The Washington Post published a curious take Tuesday: Republican presidential nominee Donald Trump's supporters deserve "empathy."
According to "liberal Berkeley sociology professor" Arlie Russell Hochschild, the way Democrats have treated Trump's supporters is dehumanizing. Hochschild told the Post the perception among the pro-Trump crowd is that "we're the flyover state, people don't care about us, they don't know who we are ... In some of them you sensed loss and a sense of being invisible and unappreciated and insulted. That liberals just think they're rednecks."
Hochschild said this election season has worsened political divides in the country and "liberals bear the bigger responsibility, and the bigger interest, if they want to understand why the Democratic Party has lost so many blue-collar white voters."
Many commentators have drummed a similar beat in 2016: Liberals are to blame for Trumpism because their elitist attitudes have alienated working folks far from the richer, mainly coastal urban centers where the Democratic coalition is strongest.
On the conservative side, take for example the Federalist's Paul David Miller, who wrote earlier this year "progressives leverage their power in the media, the universities, and the courts to enforce their code of political correctness on the country." The Daily Beast's Tom Nichols wrote liberals see "conservative objections as aberrations, not as the views of half the population" and that this has "radicalized otherwise more centrist people." In the Wall Street Journal, Louisiana Gov. Bobby Jindal blamed President Barack Obama for alienating right-wingers.
For some on the left, variations of this argument may have some appeal due to its seeming nuance. On the right, it's a convenient way to explain away how a bigot took control of a party that was veering right long before him. But it's wrong. Trump's base — the people who drove him to victories in the primary and comprise his core supporters today — aren't primarily poor working folks.
They're primarily bigots invigorated by his voracious racial and misogynistic bomb-throwing.
An analysis by FiveThirtyEight of GOP primary exit polls earlier this year found Trump supporters have a median household income of $72,000, significantly higher than the national median of $56,000. This pattern held true in all 23 states FiveThirtyEight examined. It also found lower income folks were underrepresented in the Republican primary compared to 2012, when the GOP ran Massachusetts governor and former corporate raider Mitt Romney.
"On average in states where exit polls were conducted both this year and in the Republican campaign four years ago, 29% of GOP voters have had household incomes below $50,000 this year, compared with 31% in 2012," FiveThirtyEight wrote.
Here's another example: In 2014 in the Huntsville, Alabama, metropolitan area, the richest in the state, median household income was $38,070. FiveThirtyEight's analysis found the median Trump supporter's income in Alabama was $58,000 — about 52% higher.
$58,000 for Trump voters in Alabama was the lowest of Trump supporters' median income in any of the states studied. For comparison, the national median household income from 2010 to 2014 was $53,482. So on average, even relatively poor Trump supporters tend to make more than the typical U.S. resident.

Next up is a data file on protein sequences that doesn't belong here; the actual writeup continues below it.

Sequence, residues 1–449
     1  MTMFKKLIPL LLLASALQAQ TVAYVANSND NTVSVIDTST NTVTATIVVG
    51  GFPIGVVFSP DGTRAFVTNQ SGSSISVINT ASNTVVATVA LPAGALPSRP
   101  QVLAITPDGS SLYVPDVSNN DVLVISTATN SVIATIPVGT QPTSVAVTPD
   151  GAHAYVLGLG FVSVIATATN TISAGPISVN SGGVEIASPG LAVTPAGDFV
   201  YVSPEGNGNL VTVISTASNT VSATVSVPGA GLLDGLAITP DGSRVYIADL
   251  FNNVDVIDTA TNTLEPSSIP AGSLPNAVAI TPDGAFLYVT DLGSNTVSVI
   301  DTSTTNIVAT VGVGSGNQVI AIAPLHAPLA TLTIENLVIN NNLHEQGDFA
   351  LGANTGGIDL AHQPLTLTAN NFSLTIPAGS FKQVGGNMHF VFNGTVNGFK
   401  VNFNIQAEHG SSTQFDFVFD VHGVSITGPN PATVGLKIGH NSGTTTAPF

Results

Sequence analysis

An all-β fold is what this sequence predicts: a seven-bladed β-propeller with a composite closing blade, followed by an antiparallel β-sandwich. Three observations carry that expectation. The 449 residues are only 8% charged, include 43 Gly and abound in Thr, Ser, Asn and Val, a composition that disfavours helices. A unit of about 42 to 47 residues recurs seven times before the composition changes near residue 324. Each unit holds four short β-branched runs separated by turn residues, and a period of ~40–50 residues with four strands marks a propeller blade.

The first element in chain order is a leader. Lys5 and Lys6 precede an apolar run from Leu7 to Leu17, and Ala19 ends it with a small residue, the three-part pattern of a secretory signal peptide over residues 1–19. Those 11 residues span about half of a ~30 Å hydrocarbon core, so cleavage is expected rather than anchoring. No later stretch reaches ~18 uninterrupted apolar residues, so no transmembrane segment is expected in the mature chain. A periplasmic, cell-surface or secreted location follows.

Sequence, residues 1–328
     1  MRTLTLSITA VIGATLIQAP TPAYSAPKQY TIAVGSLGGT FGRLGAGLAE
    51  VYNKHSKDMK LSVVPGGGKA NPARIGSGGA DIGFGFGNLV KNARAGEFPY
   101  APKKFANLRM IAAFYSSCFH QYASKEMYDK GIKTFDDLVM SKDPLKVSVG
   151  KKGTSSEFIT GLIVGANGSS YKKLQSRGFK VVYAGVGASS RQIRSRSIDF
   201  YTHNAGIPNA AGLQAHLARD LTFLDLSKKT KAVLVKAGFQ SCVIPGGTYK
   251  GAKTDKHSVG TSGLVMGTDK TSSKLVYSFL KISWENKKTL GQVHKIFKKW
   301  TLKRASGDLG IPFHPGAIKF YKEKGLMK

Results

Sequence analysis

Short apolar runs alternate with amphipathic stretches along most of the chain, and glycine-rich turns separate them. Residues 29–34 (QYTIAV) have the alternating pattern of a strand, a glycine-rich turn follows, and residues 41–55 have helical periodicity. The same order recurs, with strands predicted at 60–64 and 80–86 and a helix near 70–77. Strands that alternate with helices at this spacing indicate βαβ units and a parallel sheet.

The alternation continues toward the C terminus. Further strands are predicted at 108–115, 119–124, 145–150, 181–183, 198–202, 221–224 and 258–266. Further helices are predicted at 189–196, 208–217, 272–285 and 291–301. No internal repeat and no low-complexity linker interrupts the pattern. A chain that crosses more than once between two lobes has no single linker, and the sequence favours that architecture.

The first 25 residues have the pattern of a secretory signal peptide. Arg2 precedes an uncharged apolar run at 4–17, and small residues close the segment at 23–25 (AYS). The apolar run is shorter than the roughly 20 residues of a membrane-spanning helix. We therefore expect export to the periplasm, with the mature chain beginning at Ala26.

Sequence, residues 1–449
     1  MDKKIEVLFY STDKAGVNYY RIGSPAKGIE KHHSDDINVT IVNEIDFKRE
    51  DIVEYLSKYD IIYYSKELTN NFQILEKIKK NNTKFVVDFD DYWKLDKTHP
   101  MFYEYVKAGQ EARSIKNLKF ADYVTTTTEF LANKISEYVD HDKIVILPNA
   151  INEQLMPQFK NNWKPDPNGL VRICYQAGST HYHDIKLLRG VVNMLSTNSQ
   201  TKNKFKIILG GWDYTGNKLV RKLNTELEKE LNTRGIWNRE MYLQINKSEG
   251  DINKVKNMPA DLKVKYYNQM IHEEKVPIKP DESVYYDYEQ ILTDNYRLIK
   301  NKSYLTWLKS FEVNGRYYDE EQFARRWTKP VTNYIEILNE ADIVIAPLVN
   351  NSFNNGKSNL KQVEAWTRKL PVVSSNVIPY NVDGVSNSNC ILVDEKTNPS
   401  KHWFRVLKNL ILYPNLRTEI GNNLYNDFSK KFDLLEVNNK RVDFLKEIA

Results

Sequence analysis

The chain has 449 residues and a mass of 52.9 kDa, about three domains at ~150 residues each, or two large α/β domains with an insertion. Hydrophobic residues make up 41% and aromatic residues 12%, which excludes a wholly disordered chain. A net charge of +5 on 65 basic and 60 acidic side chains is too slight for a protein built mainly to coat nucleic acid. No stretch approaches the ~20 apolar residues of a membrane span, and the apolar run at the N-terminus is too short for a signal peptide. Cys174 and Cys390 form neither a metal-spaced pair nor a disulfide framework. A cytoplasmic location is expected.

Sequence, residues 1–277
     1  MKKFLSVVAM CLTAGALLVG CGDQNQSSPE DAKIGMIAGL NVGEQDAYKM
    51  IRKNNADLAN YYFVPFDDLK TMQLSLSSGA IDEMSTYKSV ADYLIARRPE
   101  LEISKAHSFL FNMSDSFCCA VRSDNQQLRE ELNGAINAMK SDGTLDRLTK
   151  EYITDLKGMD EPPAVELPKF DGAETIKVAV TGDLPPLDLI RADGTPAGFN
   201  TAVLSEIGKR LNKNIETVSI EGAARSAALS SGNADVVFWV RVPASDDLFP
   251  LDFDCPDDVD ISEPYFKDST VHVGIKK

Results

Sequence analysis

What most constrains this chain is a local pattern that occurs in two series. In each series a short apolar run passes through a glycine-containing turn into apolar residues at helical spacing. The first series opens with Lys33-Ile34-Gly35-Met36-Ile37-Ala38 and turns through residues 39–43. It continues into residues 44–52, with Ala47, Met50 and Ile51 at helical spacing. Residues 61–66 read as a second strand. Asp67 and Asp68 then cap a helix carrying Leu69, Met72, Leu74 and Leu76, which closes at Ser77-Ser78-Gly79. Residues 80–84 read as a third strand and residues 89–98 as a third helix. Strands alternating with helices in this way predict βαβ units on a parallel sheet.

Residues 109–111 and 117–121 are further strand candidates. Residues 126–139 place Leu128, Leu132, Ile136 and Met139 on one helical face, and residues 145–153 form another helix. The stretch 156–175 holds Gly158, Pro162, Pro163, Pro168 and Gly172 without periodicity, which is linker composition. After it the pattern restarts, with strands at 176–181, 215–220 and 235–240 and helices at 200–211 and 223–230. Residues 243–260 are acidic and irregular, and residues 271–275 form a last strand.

Another massive Gallup study did find that while Trump supporters are less educated and exhibit some signs of economic anxiety such as low intergenerational economic mobility, they nonetheless tended to be wealthier than the average American and racially isolated in white enclaves.
Subsequent polling has reiterated the importance of the racial angle, with a significant if not majority slice of Trump's core supporters holding hostile attitudes toward Islam, immigrants and black people. Since Democrats actually perform well or competitively among working-class whites outside of arch-conservative regions like the Deep South and Mountain states, hostile racial attitudes (bigotry) are probably the most reliable predictors of Trump support.
Finally, as socialist magazine Jacobin recently noted, Trump's support and donation base draws heavily from the self-employed and small business owners, i.e. members of the petit bourgeois or bourgeois whose class interests are often uncomfortably linked to racial anxieties.
In other words, the stereotype of the core Trump supporter as an impoverished rural construction worker or laid-off factory worker isn't true. They're more likely to be the foreman or the retail manager — and specifically the kind that doesn't like hiring minorities or thinks killing terrorists' families sounds like a great idea.
Yes, working-class people and rural areas are getting left behind in the U.S. economy and aren't sharing in the post-Great Recession economic recovery. And it's clear that many working-class people have jumped on the Trump train simply through virtue of him being the nominee, however uncomfortably.
But all Trump offers in response to economic anxiety are racial boogeymen. His most ardent supporters are willing, complicit participants in a long U.S. history of exploiting racism to perpetuate economic injustice. His economic platform boils down to massive tax cuts for corporations and already wealthy while cutting government support for America's vulnerable.
Poverty deserves sympathy and action. Racism and misogyny deserve rejection.